Every business has, and uses, Assets to be able to create the value by which it competes. The difference between ‘has’ and ‘uses’ reflects how efficiently those Assets can be made to work, which in turn reflects on the extent to which those Assets can be managed. IoT simply connects Assets to provide the data and dynamic management to enable business optimization of operations. But what are these ‘Assets’ that can create new competitive capabilities?
Here are three meaningful descriptions as to what is Asset in respect of Business value; Definition ‘1) An Asset is an economic resource, or something of value’; Definition 2) ‘Some thing possessed by a Business entity from which future economic benefits may be obtained’. Definition 3) Military; ‘A person from whom intelligence is obtained’.
IoT combines all three; Definition; A Device from which is intelligence is obtained, transforming the capabilities of the Device as a Business resource to deliver economic benefits.
Today Enterprises seek more and better data to guide their actions than in turbulent markets then at any time in the past. IoT brings rich new sources and types of data that can be combined through ‘IoT Event Engines’ to create a new generation of valuable ‘insights’. Many Business Managers now ‘understand’ that IoT data delivered through ‘real time’ event processing enables enterprises to exploit events, and operational situations, as they occur. True though this is, it is only part of the fundamental shift IoT brings in capability to manage Business Operations at the level of Asset optimization.
To define IoT Technology as using sensors data to improve ‘real time’ event reaction alone is similar to defining Client-Server Technology merely by the capability for PCs to share common data. The Business Transformation introduced by Client-Server technology resulted in the Enterprise optimized business processes of ERP. IoT brings a similar level of Business Transformation by allowing key fixed processes to be changed dynamically to deploy individual business Assets in optimized response orchestrations, (Agility).
Mention Digital Business models and the term ‘agility’ is usually brought into the discussion to define the requirement for dynamic responsiveness to opportunities. The missing element in such a discussion is how this achieved by the mass connectivity of IoT to extend Business control of critical Assets. Creating Agility requires new Business skills in the use of IoT to extend current online Digital Business model into the ability to compete in the connected Digital Economy.
The twenty plus year history of Business Process Re-Engineering, and ERP, (with its focus on improving costs by reducing variation and fixing responses), now needs to integrate with the dynamics of IoT connected Digital Business. Competitive ‘Read and Respond’ to market place events and opportunities requires a continuous focus on dynamically optimizing deployment of critical Business Assets. But what is meant by ‘Digital’ Assets?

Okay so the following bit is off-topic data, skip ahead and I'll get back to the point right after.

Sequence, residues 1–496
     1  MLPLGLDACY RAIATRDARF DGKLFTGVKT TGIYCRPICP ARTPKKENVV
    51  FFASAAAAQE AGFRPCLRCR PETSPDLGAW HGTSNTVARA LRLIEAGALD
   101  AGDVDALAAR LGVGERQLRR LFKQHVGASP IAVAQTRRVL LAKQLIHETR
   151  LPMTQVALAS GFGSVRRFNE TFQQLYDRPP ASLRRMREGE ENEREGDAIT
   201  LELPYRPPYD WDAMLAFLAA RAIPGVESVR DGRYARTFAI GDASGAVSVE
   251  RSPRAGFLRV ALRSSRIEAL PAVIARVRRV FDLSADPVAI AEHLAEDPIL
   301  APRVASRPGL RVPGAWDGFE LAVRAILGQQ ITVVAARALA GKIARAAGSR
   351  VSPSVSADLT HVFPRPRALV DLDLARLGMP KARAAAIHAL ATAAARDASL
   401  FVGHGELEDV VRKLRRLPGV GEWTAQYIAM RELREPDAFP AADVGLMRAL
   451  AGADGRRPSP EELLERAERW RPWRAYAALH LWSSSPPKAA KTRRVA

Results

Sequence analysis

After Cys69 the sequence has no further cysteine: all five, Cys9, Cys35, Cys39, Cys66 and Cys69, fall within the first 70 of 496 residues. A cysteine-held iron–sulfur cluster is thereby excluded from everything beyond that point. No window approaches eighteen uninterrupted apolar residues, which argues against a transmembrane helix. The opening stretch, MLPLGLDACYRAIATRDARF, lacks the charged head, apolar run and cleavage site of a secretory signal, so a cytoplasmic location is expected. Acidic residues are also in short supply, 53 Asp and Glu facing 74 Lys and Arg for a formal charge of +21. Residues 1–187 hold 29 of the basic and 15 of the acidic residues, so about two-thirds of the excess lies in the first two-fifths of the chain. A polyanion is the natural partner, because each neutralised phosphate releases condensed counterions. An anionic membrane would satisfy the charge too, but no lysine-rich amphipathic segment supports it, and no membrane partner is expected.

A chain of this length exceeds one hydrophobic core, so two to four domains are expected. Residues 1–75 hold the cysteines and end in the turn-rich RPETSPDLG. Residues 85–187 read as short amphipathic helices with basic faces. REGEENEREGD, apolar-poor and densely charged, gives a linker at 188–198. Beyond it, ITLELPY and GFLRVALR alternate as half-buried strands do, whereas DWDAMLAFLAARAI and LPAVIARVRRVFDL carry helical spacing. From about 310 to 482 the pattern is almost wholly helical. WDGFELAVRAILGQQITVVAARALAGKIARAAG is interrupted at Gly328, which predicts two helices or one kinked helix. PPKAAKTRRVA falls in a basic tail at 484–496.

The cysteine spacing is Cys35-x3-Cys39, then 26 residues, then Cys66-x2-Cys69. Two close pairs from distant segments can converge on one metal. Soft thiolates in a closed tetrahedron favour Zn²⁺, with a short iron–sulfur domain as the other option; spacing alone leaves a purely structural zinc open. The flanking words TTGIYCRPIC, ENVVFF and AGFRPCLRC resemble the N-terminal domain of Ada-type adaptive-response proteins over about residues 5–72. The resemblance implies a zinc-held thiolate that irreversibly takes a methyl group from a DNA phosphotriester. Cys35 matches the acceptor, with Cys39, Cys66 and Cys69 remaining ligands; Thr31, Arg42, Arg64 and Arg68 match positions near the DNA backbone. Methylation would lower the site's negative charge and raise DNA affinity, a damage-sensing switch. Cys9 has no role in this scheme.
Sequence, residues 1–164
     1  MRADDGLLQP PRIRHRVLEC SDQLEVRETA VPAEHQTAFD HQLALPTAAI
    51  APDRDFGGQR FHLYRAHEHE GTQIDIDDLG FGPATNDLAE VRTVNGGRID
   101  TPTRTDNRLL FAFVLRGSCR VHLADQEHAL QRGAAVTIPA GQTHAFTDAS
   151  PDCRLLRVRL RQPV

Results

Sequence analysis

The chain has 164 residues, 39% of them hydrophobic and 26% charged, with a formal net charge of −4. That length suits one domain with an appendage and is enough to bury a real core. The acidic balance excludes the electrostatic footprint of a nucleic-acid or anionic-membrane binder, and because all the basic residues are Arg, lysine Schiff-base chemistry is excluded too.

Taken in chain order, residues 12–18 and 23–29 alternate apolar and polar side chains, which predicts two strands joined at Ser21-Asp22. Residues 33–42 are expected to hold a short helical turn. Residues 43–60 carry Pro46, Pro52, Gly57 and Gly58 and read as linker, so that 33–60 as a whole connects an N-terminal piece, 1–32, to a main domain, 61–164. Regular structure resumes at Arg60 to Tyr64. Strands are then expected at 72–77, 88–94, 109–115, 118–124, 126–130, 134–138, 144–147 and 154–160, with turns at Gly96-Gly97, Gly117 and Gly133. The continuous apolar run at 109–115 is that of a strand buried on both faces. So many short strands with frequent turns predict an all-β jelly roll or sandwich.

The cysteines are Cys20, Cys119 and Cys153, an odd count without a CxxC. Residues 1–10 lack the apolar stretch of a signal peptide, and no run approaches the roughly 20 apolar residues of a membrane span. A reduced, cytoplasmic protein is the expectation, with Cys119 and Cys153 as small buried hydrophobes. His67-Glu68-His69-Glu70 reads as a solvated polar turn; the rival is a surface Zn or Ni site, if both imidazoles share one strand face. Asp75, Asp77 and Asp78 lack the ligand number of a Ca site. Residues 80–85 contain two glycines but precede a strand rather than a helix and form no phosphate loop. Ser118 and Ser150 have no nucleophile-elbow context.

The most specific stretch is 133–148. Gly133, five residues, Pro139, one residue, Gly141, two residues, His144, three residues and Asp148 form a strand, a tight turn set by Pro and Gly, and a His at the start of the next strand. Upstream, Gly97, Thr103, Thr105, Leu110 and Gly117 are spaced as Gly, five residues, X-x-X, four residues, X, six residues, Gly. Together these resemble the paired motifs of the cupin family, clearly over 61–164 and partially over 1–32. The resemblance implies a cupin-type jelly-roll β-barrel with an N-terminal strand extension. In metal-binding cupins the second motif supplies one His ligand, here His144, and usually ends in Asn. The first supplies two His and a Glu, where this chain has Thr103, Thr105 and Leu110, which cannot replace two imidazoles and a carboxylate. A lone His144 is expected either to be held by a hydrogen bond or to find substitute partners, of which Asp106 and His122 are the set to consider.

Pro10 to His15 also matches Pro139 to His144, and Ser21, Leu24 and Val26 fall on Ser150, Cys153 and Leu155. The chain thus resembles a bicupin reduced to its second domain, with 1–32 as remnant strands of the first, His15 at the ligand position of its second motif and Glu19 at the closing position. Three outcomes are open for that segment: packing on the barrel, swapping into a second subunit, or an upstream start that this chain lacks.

A Digital Asset is anything that is capable of defining itself, its history and current situation through accessible data. IoT connectivity makes this data available to allow direct operational intervention and decision-making at a granular level. A complex asset such as a General Electric Railroad Locomotive has some 15,000 individual data reporting points that allow customization of the engine to its operating circumstances. The Edge Building in Amsterdam uses 28000 individual data points to dynamically adapt the building to weather, power, occupants, etc. Equally a simple Bus stop with data points to monitor Bus movements can assist passengers to plan their journeys. And of course, the best known example of all, Uber tying Taxis to People around their locations and circumstances. In each of these cases the granularity of individual Assets at different levels is combined through IoT Technology into a dynamically competitive Business optimized response.
The IoT revolution is driven by cost reduction in chips with changes in connectivity capabilities. The diversity of types of Digital Assets is matched by increased diversity in networking and data protocols. Though the name IoT suggests everything is connected like IT via the Internet that is not necessarily true as the manner in which IoT and Digital Assets are deployed does not correspond to the use of IT. There are four basic techniques; Wired or Wireless into IP Networks; Telecom Mobility Networks; LoRa, Low Power Long Range Networks and NFC, Near Field Connectivity.